Though taxes are around 100% of the ‘base price’ of petrol or half the retail price (the case of diesel is comparable) and both the Centre and state governments treat the two auto fuels as a milch cow, it is only the states that benefit from a spike in their prices. Since the Centre’s excise duty on petrol and diesel are specific (quantity-wise), rather than ad valorem, it could, if at all, only lose revenue if prices skyrocket in sync with the global trend and hit consumption levels. The state governments, on the other hand, tend to gain immensely when prices soar thanks to the ad valorem value-added tax (VAT), sales tax, and additional cesses/surcharges levied by them on these fuels.
According to an FE analysis, even the small Delhi government raked in an additional Rs 1.2 crore a day on Monday from taxes on petrol and diesel alone, compared with what it fetched on January 1 this year. This is because the base price or price to the dealer of petrol and diesel were higher by 16% and 21% on Monday from their respective January 1 levels. The corresponding figures for the bigger states are naturally higher (see chart).
Curiously, not only the Opposition parties but even industry associations are putting pressure on the Centre, rather than states, to cut taxes on auto fuels given the recent surge in their prices (Indian basket of crude went up 12.4% between May 1 and Monday and the rupee has depreciated 2.2% against the US dollar in the period, resulting in near-corresponding increases in domestic fuel prices). Ficci said on Monday, “…there is a scope of bringing down the excise duties. While such a move will have an implication on the fiscal revenues at this juncture, there is a need to do the fine balancing act.”
State VAT is generally levied on the price charged to the dealers by refiners inclusive of the excise duty; dealer commissions is included in the VAT-able price by some states.
While central excise duties remained static at Rs 19.48 per litre on petrol and Rs 15.33 per litre on diesel since October last year when these taxes were cut by Rs 2 per litre, the state-level taxes have virtually risen in tune with the fuels’ price increases. While four states — Maharashtra, Gujarat, Madhya Pradesh and Himachal Pradesh — reduced VAT rates following the October excise cut by the Centre, higher prices ensured that even their revenues were not only quickly restored but went up.
Of course, the Centre too levies an ad valorem excise on aviation turbine fuel, but there has been little political storm over it.
FE relied on the Petroleum Planning and Analysis Cell’s (PPAC) petrol and diesel consumption data for FY18 to compute the daily consumption of the fuels in the four select states — Delhi, Maharashtra, West Bengal and Tamil Nadu. (These states were selected since historical fuel price data for only these are officially put out.) While the PPAC data on share of these states in the domestic consumption of all petroleum products are available, we assumed that they may have a similar share in the consumption of petrol and diesel as well and arrived at these fuels’ daily consumption levels in these states. Given the ad valorem VAT rates prevailing in these states and the retail fuel prices on the two days, the VAT incidence (Rs/litre) for both days were estimated. Assuming the consumption to be the same on both days (petroleum consumption is almost price-inelastic and consumption doesn’t differ much in such short periods), the tax collections on both days and the differences too were calculated.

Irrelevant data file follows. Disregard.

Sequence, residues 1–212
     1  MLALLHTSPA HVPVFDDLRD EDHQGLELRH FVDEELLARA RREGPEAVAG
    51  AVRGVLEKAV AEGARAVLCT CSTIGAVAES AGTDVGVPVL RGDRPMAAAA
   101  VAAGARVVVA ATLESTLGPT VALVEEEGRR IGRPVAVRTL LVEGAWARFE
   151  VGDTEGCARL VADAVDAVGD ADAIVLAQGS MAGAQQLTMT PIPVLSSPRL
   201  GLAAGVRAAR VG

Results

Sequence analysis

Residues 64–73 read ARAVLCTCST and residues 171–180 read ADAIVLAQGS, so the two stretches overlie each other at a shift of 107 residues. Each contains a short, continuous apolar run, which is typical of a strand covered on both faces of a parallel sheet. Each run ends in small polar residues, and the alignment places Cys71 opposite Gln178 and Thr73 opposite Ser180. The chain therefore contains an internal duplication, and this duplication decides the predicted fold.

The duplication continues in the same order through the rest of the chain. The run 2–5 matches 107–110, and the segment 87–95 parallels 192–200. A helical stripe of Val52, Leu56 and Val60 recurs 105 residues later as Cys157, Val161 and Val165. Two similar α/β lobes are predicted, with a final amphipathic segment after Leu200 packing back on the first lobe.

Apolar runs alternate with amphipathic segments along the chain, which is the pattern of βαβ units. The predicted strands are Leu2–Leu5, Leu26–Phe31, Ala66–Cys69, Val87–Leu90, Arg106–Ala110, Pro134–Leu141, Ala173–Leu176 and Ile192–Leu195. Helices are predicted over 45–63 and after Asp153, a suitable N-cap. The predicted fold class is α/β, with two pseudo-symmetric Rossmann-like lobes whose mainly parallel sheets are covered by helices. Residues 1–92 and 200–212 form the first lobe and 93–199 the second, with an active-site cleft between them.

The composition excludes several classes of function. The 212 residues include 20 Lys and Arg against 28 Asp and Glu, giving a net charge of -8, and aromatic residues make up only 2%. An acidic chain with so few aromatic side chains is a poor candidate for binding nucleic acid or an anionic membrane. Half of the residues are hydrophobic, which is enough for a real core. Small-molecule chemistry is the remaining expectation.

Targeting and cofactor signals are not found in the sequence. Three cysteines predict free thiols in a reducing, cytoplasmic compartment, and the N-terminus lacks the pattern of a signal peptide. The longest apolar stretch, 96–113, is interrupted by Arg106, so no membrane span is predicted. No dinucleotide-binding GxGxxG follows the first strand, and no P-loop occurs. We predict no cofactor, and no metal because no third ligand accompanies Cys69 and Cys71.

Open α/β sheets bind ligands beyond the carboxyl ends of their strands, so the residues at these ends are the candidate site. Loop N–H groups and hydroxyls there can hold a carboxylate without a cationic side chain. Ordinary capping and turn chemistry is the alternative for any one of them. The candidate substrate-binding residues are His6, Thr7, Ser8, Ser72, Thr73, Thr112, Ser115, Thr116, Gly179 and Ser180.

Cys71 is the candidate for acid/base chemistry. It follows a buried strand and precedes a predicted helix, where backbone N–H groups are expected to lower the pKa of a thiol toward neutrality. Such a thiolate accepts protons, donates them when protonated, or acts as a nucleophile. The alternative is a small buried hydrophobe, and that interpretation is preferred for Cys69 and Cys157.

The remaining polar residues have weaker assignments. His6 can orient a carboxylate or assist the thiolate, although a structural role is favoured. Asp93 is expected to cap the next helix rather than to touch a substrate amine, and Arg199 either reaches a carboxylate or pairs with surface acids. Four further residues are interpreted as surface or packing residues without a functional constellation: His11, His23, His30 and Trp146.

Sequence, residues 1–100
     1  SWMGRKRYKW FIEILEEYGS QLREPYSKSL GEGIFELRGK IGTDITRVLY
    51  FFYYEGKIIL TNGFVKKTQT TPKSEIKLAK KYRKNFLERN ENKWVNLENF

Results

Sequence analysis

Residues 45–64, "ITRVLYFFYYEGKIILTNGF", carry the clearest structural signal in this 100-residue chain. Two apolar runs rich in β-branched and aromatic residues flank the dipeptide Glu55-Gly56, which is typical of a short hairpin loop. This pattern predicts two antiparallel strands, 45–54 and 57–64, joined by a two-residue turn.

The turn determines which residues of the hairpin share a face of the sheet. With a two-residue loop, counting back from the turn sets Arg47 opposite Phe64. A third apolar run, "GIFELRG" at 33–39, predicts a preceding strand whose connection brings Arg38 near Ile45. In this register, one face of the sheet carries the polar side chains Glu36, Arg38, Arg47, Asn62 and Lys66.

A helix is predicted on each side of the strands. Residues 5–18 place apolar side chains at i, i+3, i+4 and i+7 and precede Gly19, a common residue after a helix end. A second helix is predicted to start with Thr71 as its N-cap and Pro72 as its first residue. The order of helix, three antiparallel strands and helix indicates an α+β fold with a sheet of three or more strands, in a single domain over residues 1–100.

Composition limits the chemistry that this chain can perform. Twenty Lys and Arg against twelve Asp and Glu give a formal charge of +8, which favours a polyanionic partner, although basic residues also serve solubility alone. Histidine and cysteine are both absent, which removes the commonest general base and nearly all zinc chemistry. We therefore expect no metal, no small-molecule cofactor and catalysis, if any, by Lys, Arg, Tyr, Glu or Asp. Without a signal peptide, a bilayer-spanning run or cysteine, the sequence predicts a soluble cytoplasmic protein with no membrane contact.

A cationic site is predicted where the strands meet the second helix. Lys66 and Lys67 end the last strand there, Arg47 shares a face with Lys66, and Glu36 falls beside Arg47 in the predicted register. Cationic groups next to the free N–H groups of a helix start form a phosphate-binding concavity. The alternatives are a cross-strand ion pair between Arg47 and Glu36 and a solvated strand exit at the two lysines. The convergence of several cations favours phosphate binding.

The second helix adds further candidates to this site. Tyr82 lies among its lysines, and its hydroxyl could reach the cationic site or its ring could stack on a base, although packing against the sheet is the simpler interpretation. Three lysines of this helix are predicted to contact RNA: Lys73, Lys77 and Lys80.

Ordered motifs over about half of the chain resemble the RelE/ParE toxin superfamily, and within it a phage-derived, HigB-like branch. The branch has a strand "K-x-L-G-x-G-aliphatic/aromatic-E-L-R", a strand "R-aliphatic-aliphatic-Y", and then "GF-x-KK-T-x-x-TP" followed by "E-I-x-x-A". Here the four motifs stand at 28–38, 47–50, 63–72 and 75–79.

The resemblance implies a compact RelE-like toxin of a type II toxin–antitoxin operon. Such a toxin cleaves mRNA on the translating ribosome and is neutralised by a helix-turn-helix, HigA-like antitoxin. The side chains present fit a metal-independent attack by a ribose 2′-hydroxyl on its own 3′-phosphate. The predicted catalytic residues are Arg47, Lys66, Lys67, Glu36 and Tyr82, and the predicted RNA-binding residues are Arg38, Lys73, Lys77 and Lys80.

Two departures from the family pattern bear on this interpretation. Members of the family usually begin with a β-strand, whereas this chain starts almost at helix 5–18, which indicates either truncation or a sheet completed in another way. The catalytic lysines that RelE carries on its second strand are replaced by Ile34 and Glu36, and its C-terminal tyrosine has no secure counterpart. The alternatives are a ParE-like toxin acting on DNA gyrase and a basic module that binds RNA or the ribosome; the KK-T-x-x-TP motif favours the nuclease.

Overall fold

CARE Ratings said in a recent report; “In FY17 Rs 4.63 lakh crore was collected by the government through various taxes and levies with the Centre accounting for 62% of the total. For the Centre during FY17, 89% of the total came from excise duties and the balance from crude oil cess and customs. For the states during FY17, 88% of the total came from state VAT levied on POL (petroleum, oil and lubricant) products and the balance from royalties, crude oil cess, octroi and duties. Maharashtra contributes 14% (highest) towards the state-wise collection of sales tax/VAT on POL products.”
While, as Subhash Chandra Garg, secretary, department of economic affairs, said recently, the higher crude prices won’t impact the Centre’s fiscal deficit much, it could have implications for the current account deficit and inflation.
Petrol has a weight of 2.18% and diesel 0.14% on the consumer price index. “Our model estimates suggest that $10/bbl increase in oil price will increase import bill by around $8 billion. This in turn will decrease GDP by 16bps, increase fiscal deficit by 8bps, CAD by 27bps and inflation by 30bps,” SBI economists said in a report.